7 Surprising Facts About Americans 65 and Over

Medically Reviewed By William C. Lloyd III, MD, FACS
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  • The trends among senior citizens continue to evolve as times change and the general population ages. More people are on their way to their golden years, and most of them are enjoying the company of their grandchildren as they grow older. More older Americans are staying in the work force longer, and overall, older people are living longer than they ever have before. But the trends aren’t all good—many older people live below the poverty line, and falls account for the majority of injury-related deaths among senior citizens. Find out what other surprises the older generation holds.

  • 1
    More Americans will soon be age 65 or older than ever before.
    Group of older female Caucasian friends taking a selfie at restaurant together

    There are approximately 50 million people ages 65 and older living in the United States today, and that number will increase by nearly 20 million within the next 10 years—and nearly double by 2060. That’s because this age is the heart of the baby boomer generation, and as boomers reach their senior years, the older population will surge. Currently, the 65-plus population makes up about 15% of total U.S. residents, but that will rise to nearly a quarter of the population within the next four decades.

  • 2
    Many senior citizens struggle with poverty and hunger.

    Because older people often live on a limited fixed income, many live at or below the poverty line. In fact, nearly 10% of Americans age 65 and older struggle with poverty, and millions of senior citizens must choose between buying food or medical care. With the expansion of Social Security, the number of older people living in poverty has drastically dropped over the past 50 years, when the rate was almost 30%. Without income from Social Security, the poverty level among the 65-plus population would triple.

  • 3
    Americans 65 and older are staying in the work force longer.
    Seniors in business meeting

    Due in part to the recession a decade ago (late 2000s to early 2010s) as well as the increased age requirements for Social Security benefits, more older people are keeping their jobs until later in life to boost retirement savings. Another factor is the 65 and older population is living longer and healthy enough to keep working later into their senior years. There’s no rule that says you have to stop working at 65, even if you are financially secure! However, nearly half of those older workers are on the job only part time. Some leave the work force and re-enter it later because of financial concerns.

  • 4
    More than 80% of Americans ages 65 and older are grandparents.
    Man with granddaughter

    In a survey of American adults, of the more than 80% of respondents 65 and older who say they have grandchildren, more than 60% have at least four grandchildren. Millions of those grandparents are living with their grandchildren, and many are also primary caregivers to their grandchildren, due to the increasing trends of longer life expectancy as well as single parenthood. However, grandparents who are primary caregivers tend to be younger than 65.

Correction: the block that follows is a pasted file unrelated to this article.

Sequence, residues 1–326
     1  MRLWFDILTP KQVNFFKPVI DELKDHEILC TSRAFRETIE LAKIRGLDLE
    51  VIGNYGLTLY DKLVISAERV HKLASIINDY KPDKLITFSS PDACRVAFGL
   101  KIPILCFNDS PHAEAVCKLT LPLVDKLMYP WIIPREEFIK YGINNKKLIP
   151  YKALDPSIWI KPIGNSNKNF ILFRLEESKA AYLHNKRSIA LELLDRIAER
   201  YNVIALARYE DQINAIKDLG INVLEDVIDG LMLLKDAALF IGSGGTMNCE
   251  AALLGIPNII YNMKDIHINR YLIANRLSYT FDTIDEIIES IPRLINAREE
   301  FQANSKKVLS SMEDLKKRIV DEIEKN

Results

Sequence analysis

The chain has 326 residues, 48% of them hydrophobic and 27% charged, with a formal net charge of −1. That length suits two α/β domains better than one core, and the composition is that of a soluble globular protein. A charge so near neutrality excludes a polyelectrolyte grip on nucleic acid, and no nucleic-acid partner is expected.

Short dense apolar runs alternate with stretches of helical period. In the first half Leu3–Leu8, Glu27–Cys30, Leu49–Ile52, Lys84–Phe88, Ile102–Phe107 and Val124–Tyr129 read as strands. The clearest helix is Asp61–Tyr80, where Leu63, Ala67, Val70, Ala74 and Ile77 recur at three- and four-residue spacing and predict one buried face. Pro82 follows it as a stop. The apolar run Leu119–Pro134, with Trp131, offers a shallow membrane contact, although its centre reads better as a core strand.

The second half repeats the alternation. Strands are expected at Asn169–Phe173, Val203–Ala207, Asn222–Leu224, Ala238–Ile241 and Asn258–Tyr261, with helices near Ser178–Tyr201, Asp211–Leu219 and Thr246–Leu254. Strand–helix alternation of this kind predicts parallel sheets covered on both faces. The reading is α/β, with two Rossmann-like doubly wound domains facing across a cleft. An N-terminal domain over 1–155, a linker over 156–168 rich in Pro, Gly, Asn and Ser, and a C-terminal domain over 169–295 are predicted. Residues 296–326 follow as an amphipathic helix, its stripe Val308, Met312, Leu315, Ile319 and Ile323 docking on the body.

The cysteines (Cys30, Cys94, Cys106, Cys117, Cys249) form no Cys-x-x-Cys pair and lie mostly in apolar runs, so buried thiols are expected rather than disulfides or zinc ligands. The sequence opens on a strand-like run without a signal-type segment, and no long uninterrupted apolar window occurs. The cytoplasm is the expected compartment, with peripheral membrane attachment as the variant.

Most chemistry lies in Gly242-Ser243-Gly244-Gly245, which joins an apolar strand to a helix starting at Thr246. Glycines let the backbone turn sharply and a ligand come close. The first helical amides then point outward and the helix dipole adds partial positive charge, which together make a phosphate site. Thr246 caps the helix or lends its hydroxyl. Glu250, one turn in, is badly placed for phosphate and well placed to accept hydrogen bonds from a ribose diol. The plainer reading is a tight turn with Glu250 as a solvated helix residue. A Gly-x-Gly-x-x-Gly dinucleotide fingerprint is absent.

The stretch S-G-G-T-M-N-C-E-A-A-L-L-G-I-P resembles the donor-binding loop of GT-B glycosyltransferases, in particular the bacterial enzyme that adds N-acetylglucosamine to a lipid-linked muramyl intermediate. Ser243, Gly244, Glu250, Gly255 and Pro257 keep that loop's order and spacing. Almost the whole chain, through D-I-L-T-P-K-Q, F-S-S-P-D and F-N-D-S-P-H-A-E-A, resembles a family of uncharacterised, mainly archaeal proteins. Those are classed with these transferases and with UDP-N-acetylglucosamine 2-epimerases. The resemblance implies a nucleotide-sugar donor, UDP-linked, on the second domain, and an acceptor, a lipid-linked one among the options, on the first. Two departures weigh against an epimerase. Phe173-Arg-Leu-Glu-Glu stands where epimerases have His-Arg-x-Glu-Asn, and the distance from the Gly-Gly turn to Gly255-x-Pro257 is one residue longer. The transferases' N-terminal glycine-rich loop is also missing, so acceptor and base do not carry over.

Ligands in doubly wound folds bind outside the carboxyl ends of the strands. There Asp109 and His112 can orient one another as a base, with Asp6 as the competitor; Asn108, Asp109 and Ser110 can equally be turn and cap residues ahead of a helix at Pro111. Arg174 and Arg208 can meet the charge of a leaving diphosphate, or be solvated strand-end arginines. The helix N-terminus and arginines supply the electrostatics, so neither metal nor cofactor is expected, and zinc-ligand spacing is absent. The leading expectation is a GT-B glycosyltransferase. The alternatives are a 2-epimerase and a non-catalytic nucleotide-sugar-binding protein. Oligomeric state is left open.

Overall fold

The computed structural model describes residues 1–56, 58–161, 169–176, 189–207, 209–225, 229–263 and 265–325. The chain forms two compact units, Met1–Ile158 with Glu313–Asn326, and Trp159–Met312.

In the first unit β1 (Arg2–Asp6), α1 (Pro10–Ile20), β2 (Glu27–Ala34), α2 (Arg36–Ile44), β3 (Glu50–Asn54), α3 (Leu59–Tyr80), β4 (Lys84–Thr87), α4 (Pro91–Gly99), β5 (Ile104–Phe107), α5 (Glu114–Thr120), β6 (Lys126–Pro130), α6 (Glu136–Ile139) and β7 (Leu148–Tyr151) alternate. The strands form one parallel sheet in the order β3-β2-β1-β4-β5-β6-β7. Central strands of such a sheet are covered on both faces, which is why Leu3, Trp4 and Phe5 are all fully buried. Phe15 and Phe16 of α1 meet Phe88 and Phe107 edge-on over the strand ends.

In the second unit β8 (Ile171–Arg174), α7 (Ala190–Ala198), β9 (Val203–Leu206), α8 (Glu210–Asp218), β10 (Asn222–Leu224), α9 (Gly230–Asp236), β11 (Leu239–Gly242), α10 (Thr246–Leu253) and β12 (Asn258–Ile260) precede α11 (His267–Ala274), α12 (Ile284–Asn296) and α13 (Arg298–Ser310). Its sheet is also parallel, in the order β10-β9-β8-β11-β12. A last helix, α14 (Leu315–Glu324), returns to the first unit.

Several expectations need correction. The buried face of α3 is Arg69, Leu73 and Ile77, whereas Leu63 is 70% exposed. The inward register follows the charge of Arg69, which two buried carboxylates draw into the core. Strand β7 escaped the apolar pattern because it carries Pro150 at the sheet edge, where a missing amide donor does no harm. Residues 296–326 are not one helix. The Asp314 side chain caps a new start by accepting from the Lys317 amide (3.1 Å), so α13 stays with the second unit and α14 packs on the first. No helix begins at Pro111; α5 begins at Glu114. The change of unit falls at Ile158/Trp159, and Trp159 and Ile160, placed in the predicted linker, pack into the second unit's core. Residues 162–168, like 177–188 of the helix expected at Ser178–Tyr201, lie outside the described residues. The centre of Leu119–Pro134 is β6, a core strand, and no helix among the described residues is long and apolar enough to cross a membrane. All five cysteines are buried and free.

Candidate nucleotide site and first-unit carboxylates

• 5
    Older Americans are living longer, but not as long as people in other high-income countries.
    smiling senior man using exericse bike

    At age 65, Americans can expect to live about 15 more years, on average, compared to seniors in decades past. In 1950, Americans at age 65 could only expect to live an average of about three more years. Those life expectancies depend on race and gender, with women typically outliving men, and white people typically living longer than other races. But because of the high rates of obesity and smoking among Americans, the United States ranks near the bottom of life expectancy among the 37 countries in the Organization for Economic Cooperation and Development, which seeks to stimulate economic progress and world trade.

  • 6
    Falls are the leading cause of injury-related deaths in older Americans.
    Fallen senior woman

    It’s common knowledge that older people are more prone to taking a tumble, but it’s probably even more common than you thought: More than 25% of Americans 65 and older fall every year, and an older person goes to the emergency room every 15 seconds due to injuries from a fall. Fatalities from falling, often due to traumatic brain injury, occur three times every hour in the older population. If you reach age 85 without ever being diagnosed with cancer, you are more likely to die from trauma. This reinforces the need for safety for elders.

  • 7
    Most Americans 65 and older are married.
    senior couple embracing and smiling

    The reasons behind why older people are married or unmarried are varied. About a quarter of older Americans are single because they have been widowed. Although the percentage of married seniors still exceeds single or divorced seniors, the demographics will likely change with increasing numbers of baby boomers reaching age 65. When this population was coming of age in the 1960s, they started delaying marriage. Also, the divorce rate has been rising dramatically the past 50 years, especially divorces between seniors. There are also gender gaps, with more married men than women.

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Medical Reviewer: William C. Lloyd III, MD, FACS
Last Review Date: 2020 Aug 20
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THIS TOOL DOES NOT PROVIDE MEDICAL ADVICE. It is intended for informational purposes only. It is not a substitute for professional medical advice, diagnosis or treatment. Never ignore professional medical advice in seeking treatment because of something you have read on the site. If you think you may have a medical emergency, immediately call your doctor or dial 911.
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